She will move out soon. The landlady had enough of her. Although their rent was always paid her crudeness became intolerable. She has not fulfilled her obligation to clean the bathroom weekly. I always have, the landlady almost always does. She has on many occasions woken both the landlady and her son up on bank days. The last straw came when the landlady noticed strange hairs tangled in her combs and other hair-care utensils! The smelly one was using her hair-care products! Landlady is a very, very clean person who takes respect for the property of others seriously. After that and the mounting number of complaints she was asked to leave. That and she tossed half-smoked cigarettes into the toilet and tried to blame me for it once. I’m a non-smoker.




Author: Christopher-Dorset

A Bloody Kangaroo

12 thoughts on “Revolting Romanians.”

  1. I don’t think I could share my space with anyone other than Bearsy! And I’m pretty certain that there aren’t too many people around who could share their space with me!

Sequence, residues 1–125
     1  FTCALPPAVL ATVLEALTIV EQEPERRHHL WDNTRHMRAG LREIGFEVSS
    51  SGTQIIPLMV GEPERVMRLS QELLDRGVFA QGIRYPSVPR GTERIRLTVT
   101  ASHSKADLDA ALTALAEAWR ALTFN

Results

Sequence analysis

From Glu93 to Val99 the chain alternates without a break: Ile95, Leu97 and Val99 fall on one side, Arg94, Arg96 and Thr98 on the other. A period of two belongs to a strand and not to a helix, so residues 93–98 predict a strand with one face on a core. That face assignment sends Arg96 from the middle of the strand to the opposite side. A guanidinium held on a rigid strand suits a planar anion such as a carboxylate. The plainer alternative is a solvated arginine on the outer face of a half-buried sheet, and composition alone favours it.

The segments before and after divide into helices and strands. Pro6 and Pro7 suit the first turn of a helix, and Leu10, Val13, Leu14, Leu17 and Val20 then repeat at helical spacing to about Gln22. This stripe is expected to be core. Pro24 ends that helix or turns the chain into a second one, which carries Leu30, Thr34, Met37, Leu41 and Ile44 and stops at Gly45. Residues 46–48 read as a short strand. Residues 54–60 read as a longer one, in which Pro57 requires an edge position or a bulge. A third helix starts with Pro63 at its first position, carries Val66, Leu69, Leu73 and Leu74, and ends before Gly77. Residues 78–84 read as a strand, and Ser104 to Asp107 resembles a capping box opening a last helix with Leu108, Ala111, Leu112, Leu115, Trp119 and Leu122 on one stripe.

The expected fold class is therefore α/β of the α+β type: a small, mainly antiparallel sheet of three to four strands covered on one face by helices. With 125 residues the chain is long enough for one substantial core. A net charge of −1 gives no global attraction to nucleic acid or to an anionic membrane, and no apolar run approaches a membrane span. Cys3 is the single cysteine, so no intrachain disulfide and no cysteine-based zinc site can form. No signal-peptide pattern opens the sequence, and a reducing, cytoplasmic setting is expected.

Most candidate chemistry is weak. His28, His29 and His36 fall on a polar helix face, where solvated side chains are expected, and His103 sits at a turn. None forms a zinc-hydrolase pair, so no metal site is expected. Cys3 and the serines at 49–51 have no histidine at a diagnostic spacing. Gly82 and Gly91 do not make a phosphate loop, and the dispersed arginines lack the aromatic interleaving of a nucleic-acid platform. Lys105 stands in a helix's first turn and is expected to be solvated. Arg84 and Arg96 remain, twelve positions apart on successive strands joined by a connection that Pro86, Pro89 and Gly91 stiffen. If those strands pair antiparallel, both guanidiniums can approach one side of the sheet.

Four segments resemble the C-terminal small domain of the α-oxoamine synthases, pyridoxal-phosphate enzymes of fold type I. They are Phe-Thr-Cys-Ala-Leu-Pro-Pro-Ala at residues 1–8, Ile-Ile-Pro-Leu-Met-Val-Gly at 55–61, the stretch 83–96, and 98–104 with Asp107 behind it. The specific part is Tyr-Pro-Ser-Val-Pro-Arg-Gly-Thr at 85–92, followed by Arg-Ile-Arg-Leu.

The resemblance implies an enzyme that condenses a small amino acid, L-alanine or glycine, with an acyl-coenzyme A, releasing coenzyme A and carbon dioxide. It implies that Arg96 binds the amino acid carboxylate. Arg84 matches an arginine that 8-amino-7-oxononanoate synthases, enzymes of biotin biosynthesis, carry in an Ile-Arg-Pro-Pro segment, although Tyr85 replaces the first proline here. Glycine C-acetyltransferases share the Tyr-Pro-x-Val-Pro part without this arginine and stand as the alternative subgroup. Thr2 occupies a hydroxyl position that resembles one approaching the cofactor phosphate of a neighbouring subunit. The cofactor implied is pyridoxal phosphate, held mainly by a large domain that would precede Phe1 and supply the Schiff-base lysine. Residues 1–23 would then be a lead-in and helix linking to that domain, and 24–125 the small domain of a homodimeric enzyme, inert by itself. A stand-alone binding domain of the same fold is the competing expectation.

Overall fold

2. Boadicea: I dislike having to have flatmates,but finances require it at the moment. One of the main reason why I am eager to return to Asia is that they provide me with my own flat! I’m not easy to live with and I need my own space.

  3. Living with other people is rarely easy. Students do it because they have to and usually prefer noor to after the experiment.

  4. Janus: I lived with others for a year, having to share a room with another person for half the time. I won’t do that again. It was mostly okay because we took to each other, but I’d never do that again. I think after this December it will be it. With luck it can be pleasant enough, but not with vulgar shrews like this!

  5. What was the ghastly woman doing all this cooking for? Was she selling food on the street or just making sure her obesity stays that way?

  6. Sheona: it’s for her to eat, of course! Her husband only wants to eat lots of meat and expects no less than that. She eats much of it, he eats what is left. The horrific thing is that they never have anything left!

  7. Ohhhh boy! I’m so sorry to hear that! Please don’t make a bad opinion about Romanians based on this lady’s way of doing things. We are not all the same. Gosh, I’m so sorry to read all this. Such a shame. 😥😥😥😥

  8. I know Romanians who are warm, kind, generous and loyal.I don’t judge all Romanians by her behaviour. The title was an inside joke about her and her partner because they happened to be Romanians.